Get Access to Print and Digital for $23.99 per year.
Subscribe for Full Access
[Weekly Review]

Weekly Review


A group of NASA engineers and American astronomers proposed solving the problem of global warming by moving the entire Earth into another orbit, which they say would add another 6 billion years to the planet’s working life. “The technology is not at all far-fetched,” Dr. Greg Laughlin said. “We don’t need raw power to move Earth, we just require delicacy of planning and maneuvering.” President Bush went to Europe but avoided France and Germany, whose leaders are unlikely to go along with his missile-defense scheme. “There’s some nervousness,” the President said, “and I understand that. But it’s beginning to be allayed when they hear the logic behind the rationale.” In Sweden, at a meeting of the European Union, Bush told reporters that “we spent a lot of time talking about Africa, and we should. Africa is a nation that suffers from incredible disease.” Bozo the Clown finally went off the air. Ohio executed a schizophrenic man. A New York jury sentenced a terrorist to life in prison for killing 213 people in the 1998 bombing of the American embassy in Kenya. A group of Holocaust survivors sued the French railroad in a Brooklyn court because its trains were used to carry Jews and others to the death camps. Porno magazines and a painted swastika were found behind a seat panel in the Queen of England’s Jaguar automobile; a Jaguar employee resigned over the incident.Another employee said that writing secret messages was an old Jaguar tradition: “The chaps go to an awful lot of trouble to do the car, they’re there all dayâ??what else have they got to do?”

Monster hunters were searching Lough Ree in Ireland for a creature with an eel’s body and the head of a horse. Mobile public toilets were introduced in Phnom Penh, Cambodia, in an attempt to keep residents from defecating on the sidewalks. Procter & Gamble largely eliminated its line of foods containing Olestra, a fat substitute that failed to catch on with consumers, perhaps because of widespread concerns about “anal oil leakage.” Karl Rove, President Bush’s chief adviser, was in trouble because he owned $100,000 worth of Intel stock when he met with the company’s CEO, who was in town lobbying for approval of a corporate merger, which followed with celerity. President Bush proposed ending the bombing of Vieques, Puerto Rico, by 2003, satisfying no one, not even the Rev. Al Sharpton, the professional agitator, who was arrested last month during a protest on Vieques; Sharpton continued his hunger strike, with no end in sight, in a New York City jail. Holland’s “abortion ship,” Women on Waves, was unable to pick up Irish women and give them abortions because it lacked a Dutch permit to perform medical procedures and an Irish permit to take on passengers. Women are more caring than men, scientists discovered, and old women are smarter than old men. In Florida, a 73-year-old woman attacked a pit bull, biting it on the back of its neck in an attempt to save her Scottish terrier; the pit bull released its victim and was rewarded with another bite from the old woman. A stork’s nest fell from the sky and landed on a French woman sitting in a café. Researchers found that Scots are the most potent men in Europe.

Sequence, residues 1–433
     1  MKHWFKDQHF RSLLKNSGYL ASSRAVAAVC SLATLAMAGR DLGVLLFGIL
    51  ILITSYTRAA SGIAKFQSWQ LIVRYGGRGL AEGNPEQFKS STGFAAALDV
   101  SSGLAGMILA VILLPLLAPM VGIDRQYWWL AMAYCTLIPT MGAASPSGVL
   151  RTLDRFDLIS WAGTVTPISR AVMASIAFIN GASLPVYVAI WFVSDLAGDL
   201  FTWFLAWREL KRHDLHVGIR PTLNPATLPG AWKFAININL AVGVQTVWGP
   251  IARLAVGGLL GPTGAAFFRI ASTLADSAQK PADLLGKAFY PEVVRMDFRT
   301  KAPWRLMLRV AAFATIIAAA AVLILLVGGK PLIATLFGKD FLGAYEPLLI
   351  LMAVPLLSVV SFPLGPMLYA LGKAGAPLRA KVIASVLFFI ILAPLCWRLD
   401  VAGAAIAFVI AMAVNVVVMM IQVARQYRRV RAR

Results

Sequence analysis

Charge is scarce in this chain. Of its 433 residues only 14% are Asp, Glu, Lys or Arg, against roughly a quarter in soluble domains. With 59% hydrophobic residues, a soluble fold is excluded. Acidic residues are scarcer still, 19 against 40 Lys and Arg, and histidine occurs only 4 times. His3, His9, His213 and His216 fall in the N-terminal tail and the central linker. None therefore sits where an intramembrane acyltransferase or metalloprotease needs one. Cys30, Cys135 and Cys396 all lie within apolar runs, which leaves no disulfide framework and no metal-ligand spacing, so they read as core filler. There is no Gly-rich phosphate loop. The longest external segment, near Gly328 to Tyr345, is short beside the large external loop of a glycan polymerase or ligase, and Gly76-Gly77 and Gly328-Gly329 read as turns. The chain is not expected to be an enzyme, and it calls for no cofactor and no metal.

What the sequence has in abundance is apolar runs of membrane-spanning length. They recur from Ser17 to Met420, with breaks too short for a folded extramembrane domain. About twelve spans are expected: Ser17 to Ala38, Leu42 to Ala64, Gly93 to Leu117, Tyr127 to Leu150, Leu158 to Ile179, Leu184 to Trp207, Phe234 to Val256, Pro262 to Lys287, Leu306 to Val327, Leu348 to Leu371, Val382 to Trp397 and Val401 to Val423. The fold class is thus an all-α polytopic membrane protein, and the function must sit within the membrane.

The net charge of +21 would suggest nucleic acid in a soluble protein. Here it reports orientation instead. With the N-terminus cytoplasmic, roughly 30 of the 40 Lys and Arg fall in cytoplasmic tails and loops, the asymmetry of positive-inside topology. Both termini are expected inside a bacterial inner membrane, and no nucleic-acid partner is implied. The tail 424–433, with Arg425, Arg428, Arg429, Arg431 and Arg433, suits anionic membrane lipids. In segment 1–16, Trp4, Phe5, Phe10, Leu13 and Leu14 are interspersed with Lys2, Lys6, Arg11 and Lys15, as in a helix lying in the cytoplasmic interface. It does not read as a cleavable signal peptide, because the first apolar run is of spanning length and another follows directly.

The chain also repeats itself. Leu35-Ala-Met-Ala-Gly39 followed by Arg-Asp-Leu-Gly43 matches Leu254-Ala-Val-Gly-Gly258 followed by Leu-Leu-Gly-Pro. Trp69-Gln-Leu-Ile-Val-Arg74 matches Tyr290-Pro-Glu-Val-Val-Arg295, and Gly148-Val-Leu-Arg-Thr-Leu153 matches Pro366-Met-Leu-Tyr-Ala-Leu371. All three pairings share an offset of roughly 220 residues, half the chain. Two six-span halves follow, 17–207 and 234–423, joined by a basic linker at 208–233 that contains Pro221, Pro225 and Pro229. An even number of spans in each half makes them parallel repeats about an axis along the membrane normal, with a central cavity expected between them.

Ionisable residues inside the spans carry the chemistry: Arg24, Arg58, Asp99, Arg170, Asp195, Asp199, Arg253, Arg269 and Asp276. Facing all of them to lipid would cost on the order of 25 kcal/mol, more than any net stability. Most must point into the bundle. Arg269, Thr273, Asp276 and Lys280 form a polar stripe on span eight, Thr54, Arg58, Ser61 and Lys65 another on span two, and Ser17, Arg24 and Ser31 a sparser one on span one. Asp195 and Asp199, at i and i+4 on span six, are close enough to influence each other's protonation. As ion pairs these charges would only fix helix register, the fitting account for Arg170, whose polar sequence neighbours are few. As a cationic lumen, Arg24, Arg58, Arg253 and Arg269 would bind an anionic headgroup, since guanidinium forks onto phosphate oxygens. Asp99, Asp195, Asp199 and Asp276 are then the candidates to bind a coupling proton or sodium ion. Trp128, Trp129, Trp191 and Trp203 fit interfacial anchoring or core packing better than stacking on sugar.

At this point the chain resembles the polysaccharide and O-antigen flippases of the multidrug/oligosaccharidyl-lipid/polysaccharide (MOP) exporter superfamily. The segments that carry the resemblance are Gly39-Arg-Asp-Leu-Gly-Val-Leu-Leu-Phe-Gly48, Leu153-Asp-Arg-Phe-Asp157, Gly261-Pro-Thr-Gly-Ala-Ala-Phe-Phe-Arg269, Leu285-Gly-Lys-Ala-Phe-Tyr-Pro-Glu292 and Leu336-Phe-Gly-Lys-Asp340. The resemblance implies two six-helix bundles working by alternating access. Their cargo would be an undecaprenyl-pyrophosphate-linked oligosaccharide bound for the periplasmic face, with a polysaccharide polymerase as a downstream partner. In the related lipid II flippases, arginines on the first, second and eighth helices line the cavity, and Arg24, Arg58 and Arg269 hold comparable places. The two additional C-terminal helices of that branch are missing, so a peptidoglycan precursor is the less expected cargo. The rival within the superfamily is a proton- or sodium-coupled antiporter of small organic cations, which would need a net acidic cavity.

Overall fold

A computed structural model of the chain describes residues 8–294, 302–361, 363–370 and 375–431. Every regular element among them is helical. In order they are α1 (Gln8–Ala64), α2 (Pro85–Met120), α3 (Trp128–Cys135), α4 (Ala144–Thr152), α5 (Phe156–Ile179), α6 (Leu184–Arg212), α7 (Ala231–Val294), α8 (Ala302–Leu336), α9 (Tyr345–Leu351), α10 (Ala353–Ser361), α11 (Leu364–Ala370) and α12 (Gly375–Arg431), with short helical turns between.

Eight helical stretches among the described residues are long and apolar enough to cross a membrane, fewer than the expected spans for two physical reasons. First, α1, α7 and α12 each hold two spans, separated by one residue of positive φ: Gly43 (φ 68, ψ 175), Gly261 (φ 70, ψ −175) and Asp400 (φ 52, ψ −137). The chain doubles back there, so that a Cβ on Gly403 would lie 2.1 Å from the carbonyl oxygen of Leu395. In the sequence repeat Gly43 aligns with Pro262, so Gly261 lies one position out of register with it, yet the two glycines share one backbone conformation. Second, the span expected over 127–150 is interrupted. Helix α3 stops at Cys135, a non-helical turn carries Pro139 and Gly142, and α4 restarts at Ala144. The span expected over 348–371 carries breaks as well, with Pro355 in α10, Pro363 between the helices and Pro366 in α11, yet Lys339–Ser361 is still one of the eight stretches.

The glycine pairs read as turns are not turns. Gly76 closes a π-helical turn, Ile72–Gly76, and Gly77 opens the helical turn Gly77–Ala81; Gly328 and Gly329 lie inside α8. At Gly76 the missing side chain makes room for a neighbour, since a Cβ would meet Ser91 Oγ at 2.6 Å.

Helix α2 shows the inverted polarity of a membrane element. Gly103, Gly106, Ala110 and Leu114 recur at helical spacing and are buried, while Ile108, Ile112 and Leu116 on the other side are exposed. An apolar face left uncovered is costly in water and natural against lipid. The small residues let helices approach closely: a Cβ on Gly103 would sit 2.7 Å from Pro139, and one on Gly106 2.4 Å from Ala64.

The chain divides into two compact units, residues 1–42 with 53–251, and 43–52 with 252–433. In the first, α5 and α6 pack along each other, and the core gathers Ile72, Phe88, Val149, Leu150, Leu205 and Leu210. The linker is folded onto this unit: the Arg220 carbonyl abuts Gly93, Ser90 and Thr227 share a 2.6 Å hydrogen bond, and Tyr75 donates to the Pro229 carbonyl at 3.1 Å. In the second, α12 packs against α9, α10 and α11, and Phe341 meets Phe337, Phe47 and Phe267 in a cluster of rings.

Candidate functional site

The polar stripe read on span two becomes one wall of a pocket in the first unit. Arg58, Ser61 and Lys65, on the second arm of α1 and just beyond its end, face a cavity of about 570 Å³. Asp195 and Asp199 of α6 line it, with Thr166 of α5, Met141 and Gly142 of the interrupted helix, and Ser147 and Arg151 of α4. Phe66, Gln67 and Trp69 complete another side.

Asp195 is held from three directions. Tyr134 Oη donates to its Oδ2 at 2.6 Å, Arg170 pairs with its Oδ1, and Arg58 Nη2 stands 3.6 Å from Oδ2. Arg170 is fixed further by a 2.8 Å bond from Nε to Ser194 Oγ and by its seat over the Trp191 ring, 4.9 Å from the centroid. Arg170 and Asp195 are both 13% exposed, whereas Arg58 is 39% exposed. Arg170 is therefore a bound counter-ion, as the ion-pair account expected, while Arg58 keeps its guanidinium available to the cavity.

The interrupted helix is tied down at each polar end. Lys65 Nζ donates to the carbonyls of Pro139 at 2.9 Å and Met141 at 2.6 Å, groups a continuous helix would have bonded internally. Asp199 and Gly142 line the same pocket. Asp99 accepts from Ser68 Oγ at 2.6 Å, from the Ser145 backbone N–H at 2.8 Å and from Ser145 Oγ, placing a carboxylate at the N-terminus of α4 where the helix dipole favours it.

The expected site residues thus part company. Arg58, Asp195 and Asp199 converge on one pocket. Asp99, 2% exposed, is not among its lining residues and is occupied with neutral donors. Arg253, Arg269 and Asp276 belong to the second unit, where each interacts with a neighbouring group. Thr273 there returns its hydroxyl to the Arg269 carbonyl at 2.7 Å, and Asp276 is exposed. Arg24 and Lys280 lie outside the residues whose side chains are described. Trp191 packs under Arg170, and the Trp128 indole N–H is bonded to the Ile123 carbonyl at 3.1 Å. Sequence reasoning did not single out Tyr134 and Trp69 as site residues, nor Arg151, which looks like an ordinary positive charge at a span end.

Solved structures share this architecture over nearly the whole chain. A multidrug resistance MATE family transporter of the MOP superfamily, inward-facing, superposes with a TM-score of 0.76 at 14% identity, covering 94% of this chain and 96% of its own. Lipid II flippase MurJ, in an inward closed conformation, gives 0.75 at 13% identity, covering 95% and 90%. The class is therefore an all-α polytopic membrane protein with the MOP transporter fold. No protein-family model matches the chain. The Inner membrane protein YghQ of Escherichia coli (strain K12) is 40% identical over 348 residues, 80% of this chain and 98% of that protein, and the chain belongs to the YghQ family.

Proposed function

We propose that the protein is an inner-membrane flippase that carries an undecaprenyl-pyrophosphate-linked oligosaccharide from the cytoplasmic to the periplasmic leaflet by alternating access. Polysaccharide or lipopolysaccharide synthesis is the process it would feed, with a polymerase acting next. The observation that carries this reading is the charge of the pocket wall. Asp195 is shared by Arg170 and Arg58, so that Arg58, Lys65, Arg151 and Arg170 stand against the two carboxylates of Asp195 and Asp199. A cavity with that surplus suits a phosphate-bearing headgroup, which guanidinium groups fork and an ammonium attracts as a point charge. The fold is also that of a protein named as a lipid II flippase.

South Korea called out the army to fight a drought. Mohammad Khatami was reelected president of Iran with 78 percent of the vote. Silvio Berlusconi was sworn in as Italy’s prime minister. “I have given instructions,” announced President Hugo Chávez of Venezuela, “that from today onward, any foreigner who comes here and says anything offensive against the nation or the government or the president or the people will be expelled from Venezuela.” Bauchi became the eleventh Nigerian state to adopt Islamic law. The United States made clear its opposition to sending peacekeeping troops to Macedonia, preferring to wait until the conflict leads to a wider war and genocide of one kind or another. Prime Minister Tony Blair, freshly reelected, gave himself a $65,000 raise. British supermarkets were working on a technique, developed by a Texan, to carbonate fruit; the technique works on any fruit but bananas, which explode. Buck Weimer, an inventor from Colorado, came up with a new type of fart-proof underpants for people who suffer from chronic flatulence; the device, called Under-Ease, comes with a replaceable charcoal filter. Scientists found that simply looking at pictures of young attractive women causes a significant increase in a man’s ambition, self-esteem, estimation of his earning potential, career prospects, and dominance. Tall people live longer, according to a new study, and they always have. Japanesefarmers were growing square watermelons.

More from

| View All Issues |

November 2008

“An unexpectedly excellent magazine that stands out amid a homogenized media landscape.” —the New York Times
Subscribe now